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Unit 5 Hazards and Risks at Convergent Plate Boundaries (Day 1 of activity)

Rachel Teasdale (California State University, Chico)
Peter Selkin (University of Washington, Tacoma)
Laurel Goodell (Princeton University)

Summary

In this two-day activity, students monitor an evolving volcanic crisis at a convergent plate boundary (Cascadia). Using monitoring data and geologic hazard maps, students make a series of forecasts for the impending eruption and associated risks. By the end of the activity, students will have learned the outcome of the eruption and assess the impacts of the eruption of Mount Rainier on specific locations around the volcano.

This unit begins by having students examine past volcanic eruptions at Mount St. Helens, associated with the Cascadia convergent plate boundary, through firsthand accounts by United States Geological Survey (USGS) personnel who describe their work monitoring the geologic activity and some associated impacts. During class on the first day (Unit 5), students will begin working in small groups to interpret one of three data sets used to monitor volcanic activity (seismic, gas and ash emissions, and tilt). During prework and in-class activities for day 2 (Unit 6), students will update their predictions by combining information from all three data sets in mixed groups in which students act as "experts" for a particular data set. The exercise culminates with students assessing the impacts of a simulated volcanic eruption at their assigned locations.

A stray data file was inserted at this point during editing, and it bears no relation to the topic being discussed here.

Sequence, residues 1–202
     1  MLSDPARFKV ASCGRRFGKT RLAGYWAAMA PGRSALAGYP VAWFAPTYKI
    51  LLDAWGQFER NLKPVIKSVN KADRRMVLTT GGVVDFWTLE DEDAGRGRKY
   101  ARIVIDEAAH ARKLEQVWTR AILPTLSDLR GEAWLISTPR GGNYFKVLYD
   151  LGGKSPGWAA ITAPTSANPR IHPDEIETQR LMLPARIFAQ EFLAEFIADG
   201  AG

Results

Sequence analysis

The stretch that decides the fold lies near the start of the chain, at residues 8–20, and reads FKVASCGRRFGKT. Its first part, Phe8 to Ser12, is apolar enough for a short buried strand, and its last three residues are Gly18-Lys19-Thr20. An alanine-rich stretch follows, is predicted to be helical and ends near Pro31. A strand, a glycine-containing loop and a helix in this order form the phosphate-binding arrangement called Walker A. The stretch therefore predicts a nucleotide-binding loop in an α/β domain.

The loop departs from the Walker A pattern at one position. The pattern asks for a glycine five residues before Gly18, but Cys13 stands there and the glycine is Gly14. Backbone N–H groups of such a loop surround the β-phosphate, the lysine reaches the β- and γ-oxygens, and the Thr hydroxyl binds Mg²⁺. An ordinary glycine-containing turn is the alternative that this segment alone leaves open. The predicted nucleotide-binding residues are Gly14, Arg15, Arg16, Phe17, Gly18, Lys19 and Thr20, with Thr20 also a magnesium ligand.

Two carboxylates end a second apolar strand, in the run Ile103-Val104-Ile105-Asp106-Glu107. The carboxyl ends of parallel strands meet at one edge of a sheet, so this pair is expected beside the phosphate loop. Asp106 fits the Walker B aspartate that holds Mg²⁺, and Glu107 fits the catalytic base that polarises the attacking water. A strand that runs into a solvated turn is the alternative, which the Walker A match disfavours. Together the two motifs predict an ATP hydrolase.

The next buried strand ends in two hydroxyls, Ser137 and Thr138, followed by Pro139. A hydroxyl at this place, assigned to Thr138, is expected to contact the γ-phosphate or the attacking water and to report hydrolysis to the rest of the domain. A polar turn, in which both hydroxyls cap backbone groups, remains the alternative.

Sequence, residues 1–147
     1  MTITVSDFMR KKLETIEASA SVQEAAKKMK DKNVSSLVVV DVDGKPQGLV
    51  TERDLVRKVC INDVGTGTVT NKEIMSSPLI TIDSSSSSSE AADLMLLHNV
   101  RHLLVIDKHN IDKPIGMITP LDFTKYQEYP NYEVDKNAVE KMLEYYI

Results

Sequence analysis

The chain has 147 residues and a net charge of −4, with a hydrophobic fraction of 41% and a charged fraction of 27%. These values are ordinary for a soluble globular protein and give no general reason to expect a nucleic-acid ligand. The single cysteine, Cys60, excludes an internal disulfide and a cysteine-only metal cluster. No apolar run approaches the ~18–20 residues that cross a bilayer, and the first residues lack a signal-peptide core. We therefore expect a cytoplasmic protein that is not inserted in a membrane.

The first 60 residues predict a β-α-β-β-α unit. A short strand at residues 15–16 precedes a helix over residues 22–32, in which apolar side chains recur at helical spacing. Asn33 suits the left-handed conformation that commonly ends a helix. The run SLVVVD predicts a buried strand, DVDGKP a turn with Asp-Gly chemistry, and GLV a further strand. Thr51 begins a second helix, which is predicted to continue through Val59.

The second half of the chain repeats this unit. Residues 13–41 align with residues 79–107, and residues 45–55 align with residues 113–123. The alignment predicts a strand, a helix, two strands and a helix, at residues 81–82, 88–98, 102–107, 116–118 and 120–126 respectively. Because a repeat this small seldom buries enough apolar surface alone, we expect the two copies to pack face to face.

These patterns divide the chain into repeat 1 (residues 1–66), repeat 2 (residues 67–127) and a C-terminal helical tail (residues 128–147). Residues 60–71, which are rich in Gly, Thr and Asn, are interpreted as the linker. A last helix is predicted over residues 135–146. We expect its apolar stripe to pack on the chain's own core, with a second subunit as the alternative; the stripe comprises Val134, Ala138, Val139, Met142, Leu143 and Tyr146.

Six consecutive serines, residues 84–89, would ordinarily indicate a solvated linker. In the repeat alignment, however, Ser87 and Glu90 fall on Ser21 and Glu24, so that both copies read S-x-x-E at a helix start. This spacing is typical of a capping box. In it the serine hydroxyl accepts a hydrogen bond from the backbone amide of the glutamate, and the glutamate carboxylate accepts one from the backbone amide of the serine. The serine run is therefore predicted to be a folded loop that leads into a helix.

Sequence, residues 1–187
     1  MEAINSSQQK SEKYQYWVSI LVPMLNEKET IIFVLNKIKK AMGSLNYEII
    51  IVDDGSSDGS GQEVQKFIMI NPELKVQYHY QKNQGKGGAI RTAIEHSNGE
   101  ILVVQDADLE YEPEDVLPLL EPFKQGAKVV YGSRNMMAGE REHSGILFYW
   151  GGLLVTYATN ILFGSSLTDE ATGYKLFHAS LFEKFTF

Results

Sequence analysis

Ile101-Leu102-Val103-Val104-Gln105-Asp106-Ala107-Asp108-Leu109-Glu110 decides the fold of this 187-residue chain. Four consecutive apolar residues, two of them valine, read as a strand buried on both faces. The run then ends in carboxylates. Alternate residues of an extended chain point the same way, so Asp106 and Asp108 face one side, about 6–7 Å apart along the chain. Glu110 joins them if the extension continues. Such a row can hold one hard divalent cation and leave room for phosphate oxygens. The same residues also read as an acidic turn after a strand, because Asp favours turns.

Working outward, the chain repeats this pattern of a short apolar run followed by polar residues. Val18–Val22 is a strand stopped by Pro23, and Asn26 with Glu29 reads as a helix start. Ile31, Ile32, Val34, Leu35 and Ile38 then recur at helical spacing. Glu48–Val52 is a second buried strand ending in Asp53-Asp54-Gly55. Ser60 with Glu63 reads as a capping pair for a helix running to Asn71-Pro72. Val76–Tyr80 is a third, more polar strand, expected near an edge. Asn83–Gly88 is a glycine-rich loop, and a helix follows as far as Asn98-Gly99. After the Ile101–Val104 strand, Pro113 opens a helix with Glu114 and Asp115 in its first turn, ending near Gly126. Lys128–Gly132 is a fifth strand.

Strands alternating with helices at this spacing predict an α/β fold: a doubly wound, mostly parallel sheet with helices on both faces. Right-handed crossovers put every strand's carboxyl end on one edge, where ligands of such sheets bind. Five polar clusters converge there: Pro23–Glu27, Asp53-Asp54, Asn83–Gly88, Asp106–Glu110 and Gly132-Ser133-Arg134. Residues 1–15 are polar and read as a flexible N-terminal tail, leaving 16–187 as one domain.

Learning Goals

Unit 5 supports the following overarching module goals:

  1. Use qualitative and quantitative information to assess risk due to geological hazards associated with plate boundaries.
  2. Develop strategies to mitigate risk due to geological hazards.

Unit 5 addresses several overarching goals of the InTeGrate program including analyzing a geoscience-related grand challenge facing society (impact of natural hazards), developing students' ability to address interdisciplinary problems and use authentic geoscience data (use of real data sets from the 1991 Mount Pinatubo eruption), and improving students' geoscientific thinking skills (interpretation of multiple data sets and developing multiple working hypotheses).

Unit 5 Learning Objectives (including areas in the unit where objectives are addressed)